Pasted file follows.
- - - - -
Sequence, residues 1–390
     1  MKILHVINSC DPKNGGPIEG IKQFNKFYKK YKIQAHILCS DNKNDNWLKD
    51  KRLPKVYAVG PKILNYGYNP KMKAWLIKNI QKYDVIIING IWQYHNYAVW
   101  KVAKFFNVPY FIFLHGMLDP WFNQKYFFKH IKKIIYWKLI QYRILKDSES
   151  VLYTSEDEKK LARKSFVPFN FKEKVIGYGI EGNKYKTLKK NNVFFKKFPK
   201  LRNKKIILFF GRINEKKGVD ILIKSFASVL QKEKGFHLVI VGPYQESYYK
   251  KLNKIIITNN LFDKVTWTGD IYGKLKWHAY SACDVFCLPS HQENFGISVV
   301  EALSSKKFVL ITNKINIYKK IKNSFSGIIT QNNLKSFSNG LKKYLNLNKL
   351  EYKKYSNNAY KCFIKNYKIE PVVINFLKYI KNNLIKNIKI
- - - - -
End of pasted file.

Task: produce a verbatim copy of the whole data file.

Sequence, residues 1–390
     1  MKILHVINSC DPKNGGPIEG IKQFNKFYKK YKIQAHILCS DNKNDNWLKD
    51  KRLPKVYAVG PKILNYGYNP KMKAWLIKNI QKYDVIIING IWQYHNYAVW
   101  KVAKFFNVPY FIFLHGMLDP WFNQKYFFKH IKKIIYWKLI QYRILKDSES
   151  VLYTSEDEKK LARKSFVPFN FKEKVIGYGI EGNKYKTLKK NNVFFKKFPK
   201  LRNKKIILFF GRINEKKGVD ILIKSFASVL QKEKGFHLVI VGPYQESYYK
   251  KLNKIIITNN LFDKVTWTGD IYGKLKWHAY SACDVFCLPS HQENFGISVV
   301  EALSSKKFVL ITNKINIYKK IKNSFSGIIT QNNLKSFSNG LKKYLNLNKL
   351  EYKKYSNNAY KCFIKNYKIE PVVINFLKYI KNNLIKNIKI